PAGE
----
A hand stretches from water and another from the side of a boat. A rare moment of purity in humanitarian work. The hands clasp, and a life is saved. It is far from coincidence that this purity flourishes on the open sea, in a space beyond the borders of states, a no-man’s non-land where, unaided, human survival can be counted in minutes.
We can be proud that there in the Mediterranean the humanitarian imperative to save lives defeats the savagery and oppression that force millions into a desperate displacement, defeats the policies of democratic nations that eliminate safe and legal alternatives for people to reach Europe and defeats the evil greed of the smugglers (misnomer alert!**). Those victories are, however, short-lived.
Last week search and rescue (SAR) operations pulled over 11,000 people from the sea, from boats so densely packed they recall the slave ships of centuries past. That is a spectacular number of hands. But the purity of search and rescue is a deceptive purity, one that masks costs borne by the humanitarian organizations engaged in SAR, by the fundamental principles and ideals of human rights and by the people pulled from the sea themselves. Because once that moment of purity has passed we leave the sea for land, where the humanitarian ethos collides with political reality, fear and gutless self-interest.
The image we have of rescue in the Mediterranean is a naïve one, for in fact the human quest for freedom and security and refuge often leads to the not-so-Hollywood ending of low-budget incarceration. From the sea and into the realm of mankind we might better append three Ds to SAR: Search and Rescue and Delivery into Detention and Deportation. Official containment policy propels this punitive approach, and research has shown the “highly detrimental impact of detention on the health of migrants and asylum-seekers”, not to mention the degradation (see this article in the excellent June 2016 issue of Refugee Survey Quarterly). SAR teams deal with consequences; they struggle with their inescapable complicity in the matter (see this analysis of MSF’s difficult and lengthy internal debate). As humanitarians they choose the life of those at sea over DDD, but they do not have to like that choice.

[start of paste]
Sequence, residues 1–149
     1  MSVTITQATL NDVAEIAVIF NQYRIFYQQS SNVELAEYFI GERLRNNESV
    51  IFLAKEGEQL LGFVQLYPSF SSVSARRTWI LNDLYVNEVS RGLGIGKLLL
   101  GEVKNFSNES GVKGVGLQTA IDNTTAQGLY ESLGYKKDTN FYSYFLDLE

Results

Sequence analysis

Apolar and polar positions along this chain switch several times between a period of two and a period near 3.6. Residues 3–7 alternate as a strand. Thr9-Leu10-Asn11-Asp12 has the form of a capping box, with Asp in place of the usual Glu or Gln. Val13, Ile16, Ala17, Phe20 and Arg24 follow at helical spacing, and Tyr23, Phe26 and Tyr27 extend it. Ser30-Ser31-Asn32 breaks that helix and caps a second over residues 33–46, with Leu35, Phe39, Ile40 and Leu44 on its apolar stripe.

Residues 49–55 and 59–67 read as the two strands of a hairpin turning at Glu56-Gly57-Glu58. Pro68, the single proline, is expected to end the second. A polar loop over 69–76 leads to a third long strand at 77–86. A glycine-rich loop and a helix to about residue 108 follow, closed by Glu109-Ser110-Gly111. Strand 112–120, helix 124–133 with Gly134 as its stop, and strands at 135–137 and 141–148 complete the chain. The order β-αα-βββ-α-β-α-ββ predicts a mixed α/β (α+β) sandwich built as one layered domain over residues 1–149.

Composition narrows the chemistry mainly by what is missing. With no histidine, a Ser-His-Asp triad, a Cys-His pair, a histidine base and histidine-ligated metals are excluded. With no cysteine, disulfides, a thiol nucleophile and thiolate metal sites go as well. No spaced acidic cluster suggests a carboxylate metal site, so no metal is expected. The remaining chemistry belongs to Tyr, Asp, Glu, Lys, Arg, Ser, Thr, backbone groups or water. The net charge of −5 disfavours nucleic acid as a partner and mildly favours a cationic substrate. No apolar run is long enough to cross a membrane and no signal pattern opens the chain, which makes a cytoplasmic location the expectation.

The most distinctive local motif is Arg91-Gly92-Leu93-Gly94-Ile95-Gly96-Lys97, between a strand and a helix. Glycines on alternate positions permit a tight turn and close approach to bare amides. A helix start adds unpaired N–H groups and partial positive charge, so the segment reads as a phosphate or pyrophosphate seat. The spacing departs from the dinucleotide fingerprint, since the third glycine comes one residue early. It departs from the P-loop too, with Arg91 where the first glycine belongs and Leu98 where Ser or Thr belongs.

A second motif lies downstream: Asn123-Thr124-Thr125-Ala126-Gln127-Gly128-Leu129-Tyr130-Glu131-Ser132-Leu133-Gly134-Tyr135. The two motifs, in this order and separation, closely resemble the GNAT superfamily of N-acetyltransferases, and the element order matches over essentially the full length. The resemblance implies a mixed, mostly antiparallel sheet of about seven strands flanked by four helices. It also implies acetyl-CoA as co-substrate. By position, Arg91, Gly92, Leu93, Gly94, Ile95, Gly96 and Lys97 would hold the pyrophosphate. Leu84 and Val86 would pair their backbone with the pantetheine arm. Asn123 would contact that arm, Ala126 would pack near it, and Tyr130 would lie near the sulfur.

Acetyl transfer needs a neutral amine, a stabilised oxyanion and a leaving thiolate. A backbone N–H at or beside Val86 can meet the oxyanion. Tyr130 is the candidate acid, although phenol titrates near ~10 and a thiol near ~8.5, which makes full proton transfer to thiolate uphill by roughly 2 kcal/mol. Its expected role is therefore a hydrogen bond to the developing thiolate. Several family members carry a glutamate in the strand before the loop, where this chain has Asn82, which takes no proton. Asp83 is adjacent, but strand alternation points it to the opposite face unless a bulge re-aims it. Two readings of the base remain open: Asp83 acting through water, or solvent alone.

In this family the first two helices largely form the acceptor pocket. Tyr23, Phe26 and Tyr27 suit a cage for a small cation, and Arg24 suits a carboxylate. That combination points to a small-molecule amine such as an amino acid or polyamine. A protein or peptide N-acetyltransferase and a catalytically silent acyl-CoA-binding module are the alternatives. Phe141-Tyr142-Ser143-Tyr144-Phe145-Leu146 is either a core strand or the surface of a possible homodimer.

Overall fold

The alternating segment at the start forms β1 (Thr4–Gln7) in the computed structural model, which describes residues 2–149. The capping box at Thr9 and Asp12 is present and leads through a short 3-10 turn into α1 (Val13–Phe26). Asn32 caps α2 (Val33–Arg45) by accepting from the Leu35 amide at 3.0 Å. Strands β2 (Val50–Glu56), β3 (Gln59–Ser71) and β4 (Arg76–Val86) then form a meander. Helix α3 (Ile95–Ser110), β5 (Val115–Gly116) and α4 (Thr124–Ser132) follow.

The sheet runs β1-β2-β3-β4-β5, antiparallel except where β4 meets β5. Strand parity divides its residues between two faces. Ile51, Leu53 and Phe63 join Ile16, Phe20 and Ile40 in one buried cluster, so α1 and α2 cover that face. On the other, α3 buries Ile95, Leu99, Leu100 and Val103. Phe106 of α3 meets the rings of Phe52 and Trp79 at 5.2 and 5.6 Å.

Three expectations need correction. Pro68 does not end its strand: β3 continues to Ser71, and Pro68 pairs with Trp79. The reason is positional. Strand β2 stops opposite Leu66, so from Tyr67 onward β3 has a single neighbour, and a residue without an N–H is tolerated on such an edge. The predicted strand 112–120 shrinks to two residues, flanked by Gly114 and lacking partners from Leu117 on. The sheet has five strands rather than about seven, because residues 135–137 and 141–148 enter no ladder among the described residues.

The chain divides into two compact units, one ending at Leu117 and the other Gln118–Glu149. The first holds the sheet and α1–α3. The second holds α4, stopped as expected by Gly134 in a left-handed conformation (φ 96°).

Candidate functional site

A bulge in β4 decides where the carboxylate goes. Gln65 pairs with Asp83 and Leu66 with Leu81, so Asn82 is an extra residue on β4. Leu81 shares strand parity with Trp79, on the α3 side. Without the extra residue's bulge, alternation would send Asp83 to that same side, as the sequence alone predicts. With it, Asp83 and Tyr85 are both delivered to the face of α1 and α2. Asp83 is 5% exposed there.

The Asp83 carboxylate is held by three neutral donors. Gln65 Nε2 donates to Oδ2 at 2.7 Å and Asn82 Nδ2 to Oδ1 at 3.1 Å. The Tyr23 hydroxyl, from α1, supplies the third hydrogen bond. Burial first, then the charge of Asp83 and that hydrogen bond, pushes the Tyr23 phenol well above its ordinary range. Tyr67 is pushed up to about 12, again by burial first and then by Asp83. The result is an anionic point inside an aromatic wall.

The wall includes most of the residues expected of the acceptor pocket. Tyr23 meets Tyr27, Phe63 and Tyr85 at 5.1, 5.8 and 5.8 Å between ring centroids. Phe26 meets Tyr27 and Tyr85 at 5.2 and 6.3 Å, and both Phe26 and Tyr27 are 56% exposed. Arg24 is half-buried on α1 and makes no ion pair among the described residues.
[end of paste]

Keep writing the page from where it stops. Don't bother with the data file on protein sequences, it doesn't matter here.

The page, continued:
Humanitarian organizations and other activists alike have lifted their voices in protest, against the conditions and policies of detention, against the failure of our ideals and legal obligations to protect people in danger and against the human cost of political leadership’s deliberate failure to establish anything close to a functioning safe and legal alternative to reaching Europe. Those protests have not fallen on deaf ears, but they have fallen on ears that place political survival above principled commitment. From a different angle: their protest is drowned out by the protest of those more anti-immigration in persuasion. The Aylan Kurdi moments of overwhelming public compassion prove too brief to sustain policy. And almost cruelly, humanitarians must ponder their role in that as well, for the power of humanitarian purity renders much else invisible. In this case, the mediatique drama of the rescue at sea obscures both the prologue and the epilogue.
** What does sending thousands of people into the sea on unseaworthy boats have to do with smuggling? What are the smugglers concealing and conveying? They aren’t even on the boats any longer. This is not smuggling. This is mass murder.